GFMC: Korea: Forest Fires Rising Yearly, 29 March 2001

Korea: Forest Fires Rising Yearly

29 March 2001

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Digital Chosun All rights reserved
Digital Chosun Online Newspaper

Spring fires have come with the continuously dry weather, and are on the rampage all over the country. Areas close to the East Sea last year were met with excessive damage, and already people are concerned because the same region is again experiencing an especially high concentration of wildfires. The employees of the Korea Forest Service (KFS), firemen, and local residents have been mobilized to work together to fight these fires. Prevention education, patrols, and awareness campaigns are going on night and day, and yet the fires still burn on.

Even those who have only seen the damage after fires have come and gone know how fearsome forest fires can be. What was once verdant vegetation is turned to ash. The ecosystem is so completely destroyed that the loss is difficult even to calculate, and it takes trees fifty years to grow back again. During this time these areas are defenseless against storm and flood damage, and organisms of all varieties are not able to reproduce.

All this, and still every year there are more fires covering an ever wider surface of the country. The experts see the increase as being entirely the fault of human beings. These are calamities that could be avoided if only we were more careful and better prepared, but carelessness continues to cause the same kind of damage, over and over again. There were 729 forest fires recorded last year, five times more than the 139 that occurred in 1991.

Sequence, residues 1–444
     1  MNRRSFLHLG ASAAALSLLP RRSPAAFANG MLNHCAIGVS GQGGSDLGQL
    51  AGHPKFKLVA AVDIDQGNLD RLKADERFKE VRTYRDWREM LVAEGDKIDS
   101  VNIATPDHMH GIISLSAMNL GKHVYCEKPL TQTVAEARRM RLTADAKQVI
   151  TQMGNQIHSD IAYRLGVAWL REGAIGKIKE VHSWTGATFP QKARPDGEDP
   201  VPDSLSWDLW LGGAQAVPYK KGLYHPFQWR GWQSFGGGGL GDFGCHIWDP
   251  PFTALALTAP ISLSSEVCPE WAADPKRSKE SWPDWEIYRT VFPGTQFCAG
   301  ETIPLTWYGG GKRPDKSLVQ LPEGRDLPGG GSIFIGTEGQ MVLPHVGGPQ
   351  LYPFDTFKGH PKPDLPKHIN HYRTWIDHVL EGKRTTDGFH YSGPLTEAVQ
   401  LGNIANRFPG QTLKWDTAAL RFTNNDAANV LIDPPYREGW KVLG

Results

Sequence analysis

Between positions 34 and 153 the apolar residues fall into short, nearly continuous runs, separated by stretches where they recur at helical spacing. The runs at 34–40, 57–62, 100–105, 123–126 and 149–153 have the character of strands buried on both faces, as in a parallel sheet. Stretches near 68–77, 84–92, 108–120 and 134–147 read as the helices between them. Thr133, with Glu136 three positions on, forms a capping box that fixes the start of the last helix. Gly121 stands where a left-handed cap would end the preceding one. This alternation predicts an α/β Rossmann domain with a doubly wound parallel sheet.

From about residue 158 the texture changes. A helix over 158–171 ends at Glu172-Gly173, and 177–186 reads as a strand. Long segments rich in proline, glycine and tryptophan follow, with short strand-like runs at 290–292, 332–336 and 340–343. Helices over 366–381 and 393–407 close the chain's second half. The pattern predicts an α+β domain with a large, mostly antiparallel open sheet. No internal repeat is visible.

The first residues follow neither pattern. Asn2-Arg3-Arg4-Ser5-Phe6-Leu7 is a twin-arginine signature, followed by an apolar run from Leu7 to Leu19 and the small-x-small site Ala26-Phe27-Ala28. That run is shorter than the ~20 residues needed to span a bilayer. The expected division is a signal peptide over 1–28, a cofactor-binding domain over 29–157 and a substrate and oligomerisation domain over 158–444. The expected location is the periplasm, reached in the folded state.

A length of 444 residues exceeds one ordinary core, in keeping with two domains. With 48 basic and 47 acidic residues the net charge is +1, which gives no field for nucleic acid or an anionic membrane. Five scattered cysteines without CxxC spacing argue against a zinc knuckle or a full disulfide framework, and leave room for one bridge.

According to the Korean Forest Service (KFS), there were far fewer wildfires before the date of 15 March 2001 than during the same period last year, but during the twelve days between 16 and 27 March the fires have started catching up, and they’re breaking out all over the country. No less than 186 fires have flamed up since 16 March 84% more than the 101 that occurred in during the same time last year.

Of the 104 fires this year which authorities have determined the causes, 80, or 77%, were caused by controlled burning of dry fields and rice paddies, or from the burning of agricultural waste. The other 24 have been determined to have been caused by cigarettes.

Prevention is of course the best way to avoid damage from forest fires. Our forests are becoming denser every year, and this is part of the reason for the ever increasing potential for more fires. The only option is to intensify enforcement of fire laws and prevention activities. Arsonists of course deserve stronger punishment, but so do people who start fires accidentally, and increasing penalties will help spread awareness.

There is also a pressing need for more firefighting equipment. The KFS currently has seven helicopters working emergency overtime in the East Sea region, but fires spring up wherever they want to, and officials say their equipment is insufficient to fight them effectively. There needs to be at least two new helicopters and additional ground support.


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